18 October 2017 Rockport, Maine, USA 

Archive for October, 2012

Leaflessness

Wednesday, October 31st, 2012
Blueberry barren, from Beech Hill, Rockport, Maine, 31 October 2012.

Blueberry barren.

The big wind a couple nights ago really did strip most trees bare around here. I noticed this while hiking Beech Hill with Jack at the end of today—a partly rainy, party hazy one. One shower this morning pelted down like a Great Plains storm or something. Merely damp when we got to hiking, though. And still oddly warm.

Young oak, Beech Hill, Rockport, Maine, 31 October 2012.

Young oak.

I noticed, specifically, when I got a look at a particularly fine oak tree on the western slope as we ascended—a tree whose crown was cloaked in yellow-orange just last weekend. Today it had a measly dozen or two leaves clinging to the bare branches up there.

Birds still about, but I only noticed because I have ears. The one species I actually caught sight of today was a yellow-rumped warbler flitting about in a copse of young trees down on the southern hillside. There’s not as much cover as there used to be.

Still a nice hike, though. Just us and a couple other hikers. And one dog.

And a few remnant bronze and russet leaves.

Beech Hill List
Beginning at 4:15 p.m., I hiked the open trail.

1. American crow* (v)
2. Black-capped chickadee** (v)
3. Hairy woodpecker (v)
4. Yellow-rumped warbler
5. American robin (v)
6. Northern flicker (v)
7. Blue jay (v)
8. Dark-eyed junco (v)
9. Golden-crowned kinglet (v)

Elsewhere

10. Herring gull
11. Mallard

v = Voice only
*Also elsewhere
**Voice only elsewhere

In the wake

Tuesday, October 30th, 2012
American robin, Beech Hill, Rockport, Maine, 30 October 2012.

American robin.

Stayed up late last night listening to the wind howl. No trees toppled over or lost limbs, and when the howl seemed to diminish a bit in the wee hours, I decided to head for my bed beneath the gigantic oak tree and take my chances. Woke up again this morning, as usual.

Birches, Beech Hill, Rockport, Maine, 30 October 2012.

Birches.

Still a little windy, but not bad. A little rainy, too. Also not bad. Followed a bit of news about what Superstorm Sandy left in her wake, then worked a while. The rain let up for a while, and then a line of thundershowers blew through. Checked the weather radar and saw what looked like a rain-free patch approaching, so Jack and I lit out for Beech Hill.

No other hikers today. No surprise. Pretty thick fog on the hill. Cleared a couple small branches off the trail. Heard the voices of a few birds. It was impressively calm after last night’s big blow—which, by the way, removed a lot of leaves from the local trees.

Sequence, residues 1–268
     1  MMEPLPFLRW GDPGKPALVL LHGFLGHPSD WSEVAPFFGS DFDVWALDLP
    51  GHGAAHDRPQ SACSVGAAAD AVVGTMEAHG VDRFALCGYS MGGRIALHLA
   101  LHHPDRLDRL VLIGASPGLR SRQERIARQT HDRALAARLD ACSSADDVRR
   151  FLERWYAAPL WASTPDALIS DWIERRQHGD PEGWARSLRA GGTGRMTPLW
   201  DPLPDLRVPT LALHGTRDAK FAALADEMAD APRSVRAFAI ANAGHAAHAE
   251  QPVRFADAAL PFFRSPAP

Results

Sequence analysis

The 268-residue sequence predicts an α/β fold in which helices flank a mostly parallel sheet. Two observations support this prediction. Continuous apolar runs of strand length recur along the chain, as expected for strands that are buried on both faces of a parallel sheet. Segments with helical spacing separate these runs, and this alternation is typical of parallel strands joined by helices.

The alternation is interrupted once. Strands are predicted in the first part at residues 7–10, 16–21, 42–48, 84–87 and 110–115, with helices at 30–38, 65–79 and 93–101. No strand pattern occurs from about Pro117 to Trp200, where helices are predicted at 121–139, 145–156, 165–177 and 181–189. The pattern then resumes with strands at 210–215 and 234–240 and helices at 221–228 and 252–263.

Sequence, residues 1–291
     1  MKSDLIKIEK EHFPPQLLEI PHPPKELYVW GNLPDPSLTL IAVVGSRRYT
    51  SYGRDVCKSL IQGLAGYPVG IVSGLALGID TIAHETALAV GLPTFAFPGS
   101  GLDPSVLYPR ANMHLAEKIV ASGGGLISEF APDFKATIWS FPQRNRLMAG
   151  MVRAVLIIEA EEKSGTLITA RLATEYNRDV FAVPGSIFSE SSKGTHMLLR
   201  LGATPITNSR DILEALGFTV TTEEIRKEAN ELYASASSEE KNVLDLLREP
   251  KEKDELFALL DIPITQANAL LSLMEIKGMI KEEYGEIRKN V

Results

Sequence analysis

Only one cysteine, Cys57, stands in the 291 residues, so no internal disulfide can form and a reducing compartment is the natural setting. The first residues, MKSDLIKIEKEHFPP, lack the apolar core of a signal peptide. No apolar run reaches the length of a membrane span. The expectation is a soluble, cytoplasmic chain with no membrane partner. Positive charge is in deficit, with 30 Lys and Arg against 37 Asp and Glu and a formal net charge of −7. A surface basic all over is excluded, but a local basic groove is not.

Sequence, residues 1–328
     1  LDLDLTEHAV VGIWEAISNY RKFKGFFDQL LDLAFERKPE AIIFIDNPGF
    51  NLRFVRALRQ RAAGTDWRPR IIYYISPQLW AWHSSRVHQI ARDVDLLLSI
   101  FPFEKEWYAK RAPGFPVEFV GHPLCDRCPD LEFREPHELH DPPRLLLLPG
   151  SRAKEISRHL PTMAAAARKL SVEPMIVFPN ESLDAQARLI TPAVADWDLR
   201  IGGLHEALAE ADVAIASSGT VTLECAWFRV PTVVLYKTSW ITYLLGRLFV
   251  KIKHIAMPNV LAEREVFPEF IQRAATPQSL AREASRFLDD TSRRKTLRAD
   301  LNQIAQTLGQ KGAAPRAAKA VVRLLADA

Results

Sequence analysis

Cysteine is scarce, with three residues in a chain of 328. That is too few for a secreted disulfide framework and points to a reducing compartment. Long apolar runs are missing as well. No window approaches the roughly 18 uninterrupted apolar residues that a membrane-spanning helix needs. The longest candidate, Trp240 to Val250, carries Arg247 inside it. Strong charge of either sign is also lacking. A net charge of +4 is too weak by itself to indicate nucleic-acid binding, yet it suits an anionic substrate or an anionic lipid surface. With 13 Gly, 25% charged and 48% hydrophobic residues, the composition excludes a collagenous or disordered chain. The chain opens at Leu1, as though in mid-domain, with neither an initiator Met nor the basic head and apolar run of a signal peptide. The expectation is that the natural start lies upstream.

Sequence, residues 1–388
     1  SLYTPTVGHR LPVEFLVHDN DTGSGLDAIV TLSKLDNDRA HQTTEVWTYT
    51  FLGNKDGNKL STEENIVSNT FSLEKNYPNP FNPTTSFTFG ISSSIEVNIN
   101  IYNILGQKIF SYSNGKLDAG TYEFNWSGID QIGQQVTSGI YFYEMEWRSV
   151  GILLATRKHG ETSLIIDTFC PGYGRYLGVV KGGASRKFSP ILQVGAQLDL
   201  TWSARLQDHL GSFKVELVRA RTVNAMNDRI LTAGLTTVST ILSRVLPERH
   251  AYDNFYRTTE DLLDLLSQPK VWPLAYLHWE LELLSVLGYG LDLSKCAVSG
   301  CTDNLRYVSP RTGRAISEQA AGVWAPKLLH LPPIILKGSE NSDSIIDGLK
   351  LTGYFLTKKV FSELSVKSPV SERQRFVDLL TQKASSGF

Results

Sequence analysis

About half way up, exactly where we surprised them yesterday, a pair of robins fluttered out of a trailside bush. I noticed the bush had a bunch of red berries. No wonder. The robins turned out to be the only birds I actually got a look at up there.

Then rain began to fall out of the fog—a pretty heavy burst of it. Dog and I began to lope along, which was fun. The rain stopped after maybe a minute, but it was enough to soak the front of me.

Did I mention how mild it was? Really mild—upper-50s (F), I’d guess. And it’s not supposed to get cold for a while yet. Weird.

Into the fog, Beech Hill, Rockport, Maine, 30 October 2012.

Into the fog.

I like weird.

Beech Hill List
Beginning at 2 p.m., I hiked the open trail.

1. Black-capped chickadee** (v)
2. Tufted titmouse (v)
3. American crow* (v)
4. American goldfinch (v)
5. Yellow-rumped warbler (v)
6. American robin
7. Blue jay (v)
8. Golden-crowned kinglet (v)

Elsewhere

9. Herring gull

v = Voice only
*Also elsewhere
**Voice only elsewhere

Big wind

Monday, October 29th, 2012
Black-capped chickadee, Beech Hill, Rockport, Maine, 29 October 2012.

Black-capped chickadee.

Started out overcast, with a touch of rain and a good little wind. And the little wind grew as the day progressed. All the storm news from south of here got me thinking it might be a good idea to shut things down early here, so that’s what I did. When Jack and I arrived at Beech Hill, the wind had picked up quite a bit.

Golden-crowned kinglet, Beech Hill, Rockport, Maine, 29 October 2012.

Golden-crowned kinglet.

But we didn’t have to travel far for me to get a mess o’ birds: five of our common small species were flitting about in the trees above the parking lot. Creeper, chickadee, g-c kinglet, w-b nuthatch, and titmouse. Got great looks at all of them as they bounced around more or less frantically. It really did look like they were stocking up, knowing somehow that after a while it might be a little difficult to take wing.

On up the slope, crows. A few of them lurking around in the patches of sumac down the protected southwest slope. Also, we startled two or three robins from a bush right alongside the trail there. Nothing but wind and swaying grass at the summit. Whitecaps in the bay.

Returning, I heard—then saw—a couple of yellow-rumps fluttering down the trail ahead of us. And nearing the parking lot again, where titmice and chickadees were still active, a white-throated sparrow appeared out of nowhere.

During afternoon, the wind increased and got insistent. And just now, in early evening, it’s a big wind. Still got power, though.

White-throated sparrow, Beech Hill, Rockport, Maine, 29 October 2012.

White-throated sparrow.

Beech Hill List
Beginning at 1:30 p.m., I hiked the open trail.

1. Brown creeper
2. Black-capped chickadee**
3. Golden-crowned kinglet
4. White-breasted nuthatch
5. Tufted titmouse
6. American crow*
7. American robin*
8. Yellow-rumped warbler
9. White-throated sparrow

Elsewhere

10. Herring gull

*Also elsewhere
**Voice only elsewhere

 
Bird Report is an intermittent record of what's outside my window in Rockport, Maine, USA (44°08'N latitude, 69°06'W longitude), and vicinity. —Brian Willson



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